Born in Denton, Texas, Fry graduated from Texas A&M University. In 1917 he enrolled in the First Officers Training Camp in Leon Springs, Texas, then serving in the U.S. Army during World War I and attaining the rank of captain with a personal recommendation from General Pershing. Fry remained in France following the war, studying architecture at the École Nationale Supérieure des Beaux-Arts. He completed a one-year program in agriculture at Cornell University in 1920 before settling in Austin, Texas.
Among Fry’s notable landscape projects in Texas are the Fair Grounds for East Texas Cotton Palace in Waco, the restoration of the Spanish Governor’s Palace in San Antonio (including the design of its interior patio), and work on the Commodore Perry Estate in Austin. He also collaborated with the firm Ayres & Ayres in 1928 on the 89-acre Frank and Merle Buttram house and garden (formerly the Oklahoma City Museum of Art, 1968–2002), in Oklahoma City, Oklahoma. The Buttram House and the Commodore Perry Estate were listed in the National Register of Historic Places in 1990 and 2014, respectively.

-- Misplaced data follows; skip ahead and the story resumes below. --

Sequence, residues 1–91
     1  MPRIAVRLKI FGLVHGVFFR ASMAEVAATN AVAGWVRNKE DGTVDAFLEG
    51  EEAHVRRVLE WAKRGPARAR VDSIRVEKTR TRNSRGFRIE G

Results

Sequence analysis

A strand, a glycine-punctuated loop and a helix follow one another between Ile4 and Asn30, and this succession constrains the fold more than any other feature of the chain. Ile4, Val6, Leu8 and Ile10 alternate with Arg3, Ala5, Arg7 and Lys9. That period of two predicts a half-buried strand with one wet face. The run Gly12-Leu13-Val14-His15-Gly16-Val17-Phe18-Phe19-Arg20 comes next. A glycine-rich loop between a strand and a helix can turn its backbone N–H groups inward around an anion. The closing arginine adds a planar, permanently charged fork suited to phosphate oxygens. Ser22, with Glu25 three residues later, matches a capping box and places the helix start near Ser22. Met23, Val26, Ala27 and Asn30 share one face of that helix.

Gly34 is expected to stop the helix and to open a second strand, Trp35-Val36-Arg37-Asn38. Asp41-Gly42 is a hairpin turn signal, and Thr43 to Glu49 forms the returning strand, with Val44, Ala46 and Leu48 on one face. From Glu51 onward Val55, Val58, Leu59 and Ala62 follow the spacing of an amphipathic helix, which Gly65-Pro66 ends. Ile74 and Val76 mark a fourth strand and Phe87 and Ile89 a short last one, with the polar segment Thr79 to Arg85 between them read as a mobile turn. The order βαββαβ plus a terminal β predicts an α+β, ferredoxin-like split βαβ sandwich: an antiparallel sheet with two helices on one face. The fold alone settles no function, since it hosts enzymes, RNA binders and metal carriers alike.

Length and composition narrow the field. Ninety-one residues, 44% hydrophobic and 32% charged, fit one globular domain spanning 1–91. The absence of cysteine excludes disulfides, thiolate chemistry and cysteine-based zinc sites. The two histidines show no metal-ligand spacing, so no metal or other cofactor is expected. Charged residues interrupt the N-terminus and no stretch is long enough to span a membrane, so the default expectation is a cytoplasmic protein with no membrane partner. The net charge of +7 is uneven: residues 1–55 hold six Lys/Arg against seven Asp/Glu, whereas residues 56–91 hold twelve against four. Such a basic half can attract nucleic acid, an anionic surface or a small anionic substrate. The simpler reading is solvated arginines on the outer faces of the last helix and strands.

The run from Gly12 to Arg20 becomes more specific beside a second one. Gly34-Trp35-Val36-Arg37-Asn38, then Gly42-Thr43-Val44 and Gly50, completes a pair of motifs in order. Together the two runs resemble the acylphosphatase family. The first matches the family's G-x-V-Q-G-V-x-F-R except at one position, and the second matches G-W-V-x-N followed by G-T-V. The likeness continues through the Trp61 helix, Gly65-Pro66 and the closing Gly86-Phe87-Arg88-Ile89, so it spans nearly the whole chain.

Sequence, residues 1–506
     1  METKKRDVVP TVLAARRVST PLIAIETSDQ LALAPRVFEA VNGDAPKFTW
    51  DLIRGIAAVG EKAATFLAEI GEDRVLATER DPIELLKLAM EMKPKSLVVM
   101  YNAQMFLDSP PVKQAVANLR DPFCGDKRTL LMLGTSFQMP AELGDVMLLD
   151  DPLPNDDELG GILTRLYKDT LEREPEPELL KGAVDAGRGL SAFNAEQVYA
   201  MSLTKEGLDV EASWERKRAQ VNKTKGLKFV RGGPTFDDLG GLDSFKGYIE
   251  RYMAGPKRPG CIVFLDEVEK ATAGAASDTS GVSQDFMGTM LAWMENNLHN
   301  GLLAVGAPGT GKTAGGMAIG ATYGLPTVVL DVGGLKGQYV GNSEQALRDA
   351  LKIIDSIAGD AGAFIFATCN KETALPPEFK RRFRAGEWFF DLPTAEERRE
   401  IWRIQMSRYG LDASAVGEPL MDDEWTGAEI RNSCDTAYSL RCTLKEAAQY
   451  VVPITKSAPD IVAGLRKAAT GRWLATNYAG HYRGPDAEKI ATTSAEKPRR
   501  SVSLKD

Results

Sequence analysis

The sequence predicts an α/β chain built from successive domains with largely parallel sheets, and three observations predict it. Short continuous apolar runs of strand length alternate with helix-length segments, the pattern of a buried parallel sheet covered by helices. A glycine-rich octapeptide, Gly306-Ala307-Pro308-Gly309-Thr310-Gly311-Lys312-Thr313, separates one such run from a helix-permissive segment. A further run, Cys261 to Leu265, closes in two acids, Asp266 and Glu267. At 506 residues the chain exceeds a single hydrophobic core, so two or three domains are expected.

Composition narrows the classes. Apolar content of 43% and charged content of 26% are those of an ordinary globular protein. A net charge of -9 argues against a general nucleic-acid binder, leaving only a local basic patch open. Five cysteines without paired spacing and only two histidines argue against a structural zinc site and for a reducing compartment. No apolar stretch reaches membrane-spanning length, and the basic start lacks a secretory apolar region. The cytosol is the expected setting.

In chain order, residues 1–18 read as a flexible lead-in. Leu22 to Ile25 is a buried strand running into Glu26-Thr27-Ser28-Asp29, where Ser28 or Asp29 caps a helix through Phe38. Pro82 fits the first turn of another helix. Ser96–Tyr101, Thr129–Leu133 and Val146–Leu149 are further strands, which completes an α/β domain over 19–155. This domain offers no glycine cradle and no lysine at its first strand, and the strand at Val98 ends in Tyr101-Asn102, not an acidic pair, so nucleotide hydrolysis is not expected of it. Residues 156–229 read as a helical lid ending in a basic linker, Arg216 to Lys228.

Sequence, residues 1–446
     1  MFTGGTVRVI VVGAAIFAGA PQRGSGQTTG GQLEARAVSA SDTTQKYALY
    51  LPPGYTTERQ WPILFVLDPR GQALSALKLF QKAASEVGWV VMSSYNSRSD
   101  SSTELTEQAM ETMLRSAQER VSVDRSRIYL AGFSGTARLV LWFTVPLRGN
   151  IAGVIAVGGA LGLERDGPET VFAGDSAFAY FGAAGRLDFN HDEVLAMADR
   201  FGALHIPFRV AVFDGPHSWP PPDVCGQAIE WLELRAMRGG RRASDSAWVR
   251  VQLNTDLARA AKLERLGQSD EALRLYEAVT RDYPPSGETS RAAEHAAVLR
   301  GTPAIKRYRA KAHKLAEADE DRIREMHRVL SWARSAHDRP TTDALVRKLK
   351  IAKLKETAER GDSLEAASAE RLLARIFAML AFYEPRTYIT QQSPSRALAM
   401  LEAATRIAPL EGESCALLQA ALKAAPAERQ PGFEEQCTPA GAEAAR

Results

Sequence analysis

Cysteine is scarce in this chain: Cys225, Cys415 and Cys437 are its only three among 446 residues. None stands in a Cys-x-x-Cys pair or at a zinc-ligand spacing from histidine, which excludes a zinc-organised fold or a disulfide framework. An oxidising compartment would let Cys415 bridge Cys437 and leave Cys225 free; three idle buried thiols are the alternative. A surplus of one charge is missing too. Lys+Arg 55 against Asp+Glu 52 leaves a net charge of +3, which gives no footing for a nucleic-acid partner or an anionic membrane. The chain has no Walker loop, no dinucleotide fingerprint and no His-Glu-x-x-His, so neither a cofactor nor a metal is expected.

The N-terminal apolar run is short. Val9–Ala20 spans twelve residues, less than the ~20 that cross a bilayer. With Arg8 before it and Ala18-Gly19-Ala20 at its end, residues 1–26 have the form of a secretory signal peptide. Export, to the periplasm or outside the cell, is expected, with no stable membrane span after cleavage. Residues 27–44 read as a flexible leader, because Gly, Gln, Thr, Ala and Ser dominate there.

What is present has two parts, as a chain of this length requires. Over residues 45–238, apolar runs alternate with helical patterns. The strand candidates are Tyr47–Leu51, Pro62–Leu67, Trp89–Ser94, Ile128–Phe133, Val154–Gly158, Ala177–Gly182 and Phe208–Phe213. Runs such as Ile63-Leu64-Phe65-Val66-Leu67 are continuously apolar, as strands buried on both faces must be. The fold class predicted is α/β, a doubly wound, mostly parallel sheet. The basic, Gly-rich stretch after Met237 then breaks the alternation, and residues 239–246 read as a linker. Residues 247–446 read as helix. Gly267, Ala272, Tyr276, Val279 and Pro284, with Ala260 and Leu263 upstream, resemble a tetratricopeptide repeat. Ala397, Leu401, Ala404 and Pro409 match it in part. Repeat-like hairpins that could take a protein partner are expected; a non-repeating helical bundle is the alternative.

Fry’s career as a landscape architect spanned 34 years, with projects in Dallas, Fort Worth, and San Antonio, as well as several neighboring states. He once again served his country in World War II, after which he was commissioned to work on eleven official cemeteries for America’s war-dead, including the Luxembourg American Cemetery and Memorial at Luxembourg City, Luxembourg (with Alfred Geiffert, Jr.), where he designed the grave site of General George Patton. Fry was a member of the planning boards of San Antonio, Fort Worth, and Dallas, and had attained the rank of lieutenant-colonel before his death in 1965.